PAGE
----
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* ''Literature/HarryPotter''. The ''Harry Potter'' example is so prevalent that some editions of the books have plain covers in [[RealIsBrown dingy earth-tones]] (as opposed to the colorful fantasy illustrations that the "main" editions have) so that adult readers don't have to feel so embarrassed when they read it on the train. Considering most children's books are written by adults, you think adults wouldn't feel they needed to justify reading a children's book in the first place... After all, if the author isn't embarrassed at having written, why should an adult feel embarrassed at reading it?
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* ''Literature/HarryPotter''. The ''Harry Potter'' example is so prevalent that some editions of the books have plain covers in [[RealIsBrown dingy earth-tones]] (as opposed to the colorful fantasy illustrations that the "main" editions have) so that adult readers don't have to feel so embarrassed when they read it on the train. Considering most children's books are written by adults, you think adults wouldn't feel they needed to justify reading a children's book in the first place... After all, if the author isn't embarrassed at having written, why should an adult feel embarrassed at reading it?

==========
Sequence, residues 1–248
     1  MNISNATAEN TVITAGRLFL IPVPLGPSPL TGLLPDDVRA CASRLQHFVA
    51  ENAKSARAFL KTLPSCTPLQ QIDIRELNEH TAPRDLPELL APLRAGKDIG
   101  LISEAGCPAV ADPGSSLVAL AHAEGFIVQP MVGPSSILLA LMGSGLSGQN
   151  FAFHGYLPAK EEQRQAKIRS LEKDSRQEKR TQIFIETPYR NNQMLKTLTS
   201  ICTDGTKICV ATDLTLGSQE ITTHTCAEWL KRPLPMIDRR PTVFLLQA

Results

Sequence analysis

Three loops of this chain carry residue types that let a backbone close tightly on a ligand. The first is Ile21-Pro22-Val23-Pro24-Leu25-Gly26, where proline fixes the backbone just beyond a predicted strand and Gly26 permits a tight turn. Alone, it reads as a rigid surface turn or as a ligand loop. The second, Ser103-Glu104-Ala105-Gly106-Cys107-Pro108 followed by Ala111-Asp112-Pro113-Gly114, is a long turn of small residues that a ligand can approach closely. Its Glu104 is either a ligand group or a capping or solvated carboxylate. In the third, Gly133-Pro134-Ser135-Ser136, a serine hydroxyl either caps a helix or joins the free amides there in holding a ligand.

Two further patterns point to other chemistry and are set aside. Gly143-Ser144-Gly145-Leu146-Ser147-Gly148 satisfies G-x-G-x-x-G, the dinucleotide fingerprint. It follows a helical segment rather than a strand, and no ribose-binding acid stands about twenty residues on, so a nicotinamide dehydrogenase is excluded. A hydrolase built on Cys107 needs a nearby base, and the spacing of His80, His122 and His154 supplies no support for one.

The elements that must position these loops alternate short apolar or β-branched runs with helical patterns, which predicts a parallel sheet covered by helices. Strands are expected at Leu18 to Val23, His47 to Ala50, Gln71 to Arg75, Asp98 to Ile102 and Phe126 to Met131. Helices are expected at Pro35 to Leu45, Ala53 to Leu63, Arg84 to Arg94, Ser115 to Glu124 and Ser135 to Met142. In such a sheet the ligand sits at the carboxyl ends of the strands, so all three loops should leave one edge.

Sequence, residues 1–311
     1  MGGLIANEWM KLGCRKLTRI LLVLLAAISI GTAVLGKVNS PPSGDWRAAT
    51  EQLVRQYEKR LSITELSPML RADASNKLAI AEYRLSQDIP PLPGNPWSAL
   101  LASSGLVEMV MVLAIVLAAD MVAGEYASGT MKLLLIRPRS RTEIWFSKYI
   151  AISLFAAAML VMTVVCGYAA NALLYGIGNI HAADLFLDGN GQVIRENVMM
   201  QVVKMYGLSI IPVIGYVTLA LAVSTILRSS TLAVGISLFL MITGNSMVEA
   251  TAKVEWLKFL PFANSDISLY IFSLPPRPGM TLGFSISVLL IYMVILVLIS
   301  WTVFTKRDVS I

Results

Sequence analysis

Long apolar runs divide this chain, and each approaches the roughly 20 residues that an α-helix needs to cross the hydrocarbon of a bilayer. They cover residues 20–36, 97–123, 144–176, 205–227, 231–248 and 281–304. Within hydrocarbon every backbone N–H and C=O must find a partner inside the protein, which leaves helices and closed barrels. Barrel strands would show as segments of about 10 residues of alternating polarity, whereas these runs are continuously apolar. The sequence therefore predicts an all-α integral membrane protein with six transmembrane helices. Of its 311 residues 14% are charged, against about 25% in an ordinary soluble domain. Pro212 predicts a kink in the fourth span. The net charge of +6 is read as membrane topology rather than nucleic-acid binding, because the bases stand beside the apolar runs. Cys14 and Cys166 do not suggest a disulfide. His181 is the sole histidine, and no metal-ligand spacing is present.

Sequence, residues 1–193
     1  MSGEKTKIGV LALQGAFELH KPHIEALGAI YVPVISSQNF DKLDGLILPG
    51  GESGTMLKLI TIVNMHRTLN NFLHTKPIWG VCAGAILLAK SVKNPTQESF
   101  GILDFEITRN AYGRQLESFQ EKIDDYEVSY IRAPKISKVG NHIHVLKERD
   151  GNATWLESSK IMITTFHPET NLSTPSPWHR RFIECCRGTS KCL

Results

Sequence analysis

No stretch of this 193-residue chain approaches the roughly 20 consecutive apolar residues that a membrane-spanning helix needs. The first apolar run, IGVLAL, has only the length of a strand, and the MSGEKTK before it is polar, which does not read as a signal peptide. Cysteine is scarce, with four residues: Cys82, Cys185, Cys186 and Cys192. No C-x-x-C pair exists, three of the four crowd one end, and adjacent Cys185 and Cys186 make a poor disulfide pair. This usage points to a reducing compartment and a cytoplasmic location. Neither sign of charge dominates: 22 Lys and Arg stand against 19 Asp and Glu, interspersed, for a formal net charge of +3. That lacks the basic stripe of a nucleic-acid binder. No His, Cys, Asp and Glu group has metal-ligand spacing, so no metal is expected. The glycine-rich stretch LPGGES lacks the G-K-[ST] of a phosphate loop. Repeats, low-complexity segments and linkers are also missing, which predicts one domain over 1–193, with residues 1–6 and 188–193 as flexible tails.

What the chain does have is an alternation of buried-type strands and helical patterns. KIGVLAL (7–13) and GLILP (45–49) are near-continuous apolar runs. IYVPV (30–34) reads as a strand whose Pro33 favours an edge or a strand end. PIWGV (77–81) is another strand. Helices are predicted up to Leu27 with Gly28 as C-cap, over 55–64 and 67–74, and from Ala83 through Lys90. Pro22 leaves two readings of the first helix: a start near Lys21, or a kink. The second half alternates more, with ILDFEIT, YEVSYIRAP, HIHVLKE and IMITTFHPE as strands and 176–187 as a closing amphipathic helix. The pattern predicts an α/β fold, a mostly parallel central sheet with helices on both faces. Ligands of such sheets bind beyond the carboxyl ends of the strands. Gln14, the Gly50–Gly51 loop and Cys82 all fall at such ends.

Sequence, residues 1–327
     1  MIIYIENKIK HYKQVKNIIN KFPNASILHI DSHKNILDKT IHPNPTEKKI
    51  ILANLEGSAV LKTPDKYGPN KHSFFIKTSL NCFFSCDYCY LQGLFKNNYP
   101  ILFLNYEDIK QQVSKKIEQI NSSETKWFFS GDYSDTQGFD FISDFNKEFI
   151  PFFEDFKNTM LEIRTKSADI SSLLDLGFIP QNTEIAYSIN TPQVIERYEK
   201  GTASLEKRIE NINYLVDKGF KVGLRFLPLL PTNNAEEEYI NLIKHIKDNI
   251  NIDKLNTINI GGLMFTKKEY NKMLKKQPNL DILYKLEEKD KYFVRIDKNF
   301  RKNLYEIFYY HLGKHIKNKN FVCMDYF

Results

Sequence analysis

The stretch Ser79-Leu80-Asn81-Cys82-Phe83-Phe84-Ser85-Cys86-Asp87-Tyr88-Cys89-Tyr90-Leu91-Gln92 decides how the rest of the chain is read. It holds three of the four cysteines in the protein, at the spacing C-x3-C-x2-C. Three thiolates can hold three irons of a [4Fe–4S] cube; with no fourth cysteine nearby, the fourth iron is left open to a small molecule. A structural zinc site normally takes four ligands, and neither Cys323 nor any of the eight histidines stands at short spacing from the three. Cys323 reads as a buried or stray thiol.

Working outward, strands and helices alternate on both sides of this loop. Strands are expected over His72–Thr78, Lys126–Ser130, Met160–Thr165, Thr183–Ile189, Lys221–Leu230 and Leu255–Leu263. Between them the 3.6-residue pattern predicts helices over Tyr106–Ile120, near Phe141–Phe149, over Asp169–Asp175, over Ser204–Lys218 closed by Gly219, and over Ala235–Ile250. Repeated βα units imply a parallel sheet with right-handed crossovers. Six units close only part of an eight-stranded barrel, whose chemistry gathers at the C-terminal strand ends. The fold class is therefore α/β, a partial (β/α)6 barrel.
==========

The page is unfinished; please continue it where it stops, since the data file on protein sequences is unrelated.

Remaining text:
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* ''Literature/HarryPotter''. *** Her point still remains. The ''Harry Potter'' example is so prevalent that some editions of the books have plain covers in [[RealIsBrown dingy earth-tones]] (as opposed to the colorful fantasy illustrations that the "main" editions have) so that adult readers don't have to feel so embarrassed when they read it on the train. Considering most children's books are written by adults, you think adults wouldn't feel they needed to justify reading a children's book in the first place... After all, if book also contains: the author isn't embarrassed at having written, why should strangulation of a child, head-bashing, gruesome injury and descriptions of blood, graphic descriptions of burning, and the death of a man, caused by an adult feel embarrassed at reading it?11 year old boy who was just trying to defend himself from attack.